ArtsAutosBooksBusinessEducationEntertainmentFamilyFashionFoodGamesGenderHealthHolidaysHomeHubPagesPersonal FinancePetsPoliticsReligionSportsTechnologyTravel

Types of Opals - Characteristics, Healing Properties and Other Facts

Updated on June 2, 2012
Opal crystal
Opal crystal

Chemical Composition & Hardness

Chemically, opal is silicon dioxide plus water. It has a chemical composition of SiO2.nH2O. The water content is usually ranges from 3% to 10%. Therefore it is noncrystalline, unlike most other gemstones. As opal contains a high percentage of water, it may deteriorate in cold and heat. Opal hardness varies, but generally ranges from 5.5 – 6.5 according to Mohs scale of harness. There are many types of opal such as crystal opal, black opal, white pal, boulder opal, yowah nut opal and matrix opal.

Types of opals
Types of opals


Opal is the most colorful of all gems. The stone is usually green, white or colorless, but it may be brown, gray, red and yellow. Opal has a rich iridescence and extraordinary or remarkable play of changing colors, usually in green, blue and red. This phenomenon is often called opalescence. The arrangement of silica spheres within the opal create these colors. The play of color may consist of tiny, dense flashes of color, or large individual flashes (known as schilers). The value of an opal is determined by the distribution and intensity of the color flashes. Opals with milky-white base with varying flashes of color are the opals we see most often in jewelry.

Opals which lacking play of color are known as common opals, and opals displaying play of color are known as precius opals. Gems are cut from both the common and precious forms, but precious opal is the primary gem of this stone. The most valuable and desired opal is black opal (a dark green, dark blue, or black background with a strong play of color). Some precious opals are even more valuable per carat than diamonds. Most opals including black opals come from Australia. Opals are also found in western United States, Mexico, Africa, Brazil, Nicaragua and areas of the former Soviet Union. Six-thousand years old opal adornments was found by an archaeologist, Louis Leakey in a cave in Kenya. French Emperor Napoleon gave opal called ‘The Burning of Troy’ to his wife Josephine because of its strong play of colors.

Magical Properties

Opal is also believed to have mystical, healing and magical properties. It is a stone of inspiration which enhances the creativity, memory and imagination. Opal is associated with the heart, and told to regulate the metabolism and stimulate the glands. The ancient Greeks believed this stone could give to the wearer the power of foresight. Opal was revered by the Romans as the symbol of purity and hope and they believed the gem could protect them from diseases. Opal was thought to be beneficial for eyesight in the Middle Ages, some people even believed the gem could render the wearer invisible.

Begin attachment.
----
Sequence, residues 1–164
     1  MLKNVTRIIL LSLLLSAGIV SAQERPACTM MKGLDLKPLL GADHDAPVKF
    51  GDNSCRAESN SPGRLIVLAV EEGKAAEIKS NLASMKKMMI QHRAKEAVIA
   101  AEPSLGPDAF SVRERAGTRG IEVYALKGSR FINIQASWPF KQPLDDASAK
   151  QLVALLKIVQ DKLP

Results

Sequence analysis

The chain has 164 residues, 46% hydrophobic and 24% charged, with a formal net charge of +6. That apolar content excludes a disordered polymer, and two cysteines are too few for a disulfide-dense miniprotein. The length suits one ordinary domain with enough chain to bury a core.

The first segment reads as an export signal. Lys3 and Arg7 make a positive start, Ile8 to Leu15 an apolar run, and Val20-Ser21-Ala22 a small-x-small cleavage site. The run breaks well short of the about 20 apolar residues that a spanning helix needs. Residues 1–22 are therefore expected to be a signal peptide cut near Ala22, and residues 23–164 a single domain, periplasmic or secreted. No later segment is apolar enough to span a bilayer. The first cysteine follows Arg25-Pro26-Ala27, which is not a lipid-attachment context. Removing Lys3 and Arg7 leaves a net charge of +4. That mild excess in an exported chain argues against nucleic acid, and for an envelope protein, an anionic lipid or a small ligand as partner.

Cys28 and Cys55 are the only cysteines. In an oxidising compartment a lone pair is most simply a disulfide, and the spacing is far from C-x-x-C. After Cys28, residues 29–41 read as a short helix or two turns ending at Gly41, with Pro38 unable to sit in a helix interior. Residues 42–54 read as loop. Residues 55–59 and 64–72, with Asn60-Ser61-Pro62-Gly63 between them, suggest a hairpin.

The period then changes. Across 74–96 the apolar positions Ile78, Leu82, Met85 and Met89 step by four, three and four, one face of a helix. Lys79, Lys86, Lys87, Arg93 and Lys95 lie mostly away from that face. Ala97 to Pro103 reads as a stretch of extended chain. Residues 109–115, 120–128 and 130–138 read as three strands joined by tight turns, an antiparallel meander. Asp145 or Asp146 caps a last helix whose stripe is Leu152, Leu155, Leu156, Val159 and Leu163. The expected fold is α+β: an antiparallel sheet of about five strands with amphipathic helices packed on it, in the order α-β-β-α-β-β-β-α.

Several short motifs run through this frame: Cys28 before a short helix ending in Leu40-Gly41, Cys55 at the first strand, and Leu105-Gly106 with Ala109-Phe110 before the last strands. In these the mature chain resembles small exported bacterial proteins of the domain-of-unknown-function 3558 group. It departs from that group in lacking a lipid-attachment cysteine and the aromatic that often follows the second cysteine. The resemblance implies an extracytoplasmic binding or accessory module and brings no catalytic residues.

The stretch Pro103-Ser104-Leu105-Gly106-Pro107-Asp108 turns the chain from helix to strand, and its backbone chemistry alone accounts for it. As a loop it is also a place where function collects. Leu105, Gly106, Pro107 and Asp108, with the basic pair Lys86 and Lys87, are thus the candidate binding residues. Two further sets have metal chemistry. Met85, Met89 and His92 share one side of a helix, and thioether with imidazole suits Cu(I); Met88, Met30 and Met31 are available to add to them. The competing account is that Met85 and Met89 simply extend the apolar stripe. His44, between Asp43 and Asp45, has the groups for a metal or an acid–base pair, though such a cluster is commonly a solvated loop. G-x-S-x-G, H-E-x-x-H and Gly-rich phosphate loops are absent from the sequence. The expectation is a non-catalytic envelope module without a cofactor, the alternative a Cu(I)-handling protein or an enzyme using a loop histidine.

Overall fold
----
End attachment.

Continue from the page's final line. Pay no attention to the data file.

Opal is the birthstone for those born in the month of October and goes by the title “The Queen of Gems”. These stones was once considered unlucky, but this is probably due to the fragility of the stones and tend to scratch and chip easily. The stone should be protected from strong light and heat, which can dry the water out, causing cracks. Acids, ultrasonic cleaners, or any strong solvents should also be avoided.


    0 of 8192 characters used
    Post Comment

    • Susan Wong profile imageAUTHOR

      Susan Wong 

      6 years ago

      Synthetic opal can be produced in the laboratory, it has the similar structure with natural ones and many of them also have brighter and larger color pathces. You can also notice that there is more ordered array of colors in them as the intricate pattern of natural opals cannot be duplicated. A polymer substance (glue) was added to help bind the silica spheres to create opals.

      However, water is the common element missing in synthetic opal and that is why synthetic ones are harder and usually more durable.

      Thx for visitting my hub :)

    • Larry Fields profile image

      Larry Fields 

      6 years ago from Northern California

      Before reading your hub, I didn't know anything about the chemistry of opals. Voted up and interesting.

      Here's my stoopid question of the day. I know that it's possible to make synthetic rubies. What about opals? Would coaxing the silica to arrange itself in spheres be a problem? If so, how does Nature do it?


    This website uses cookies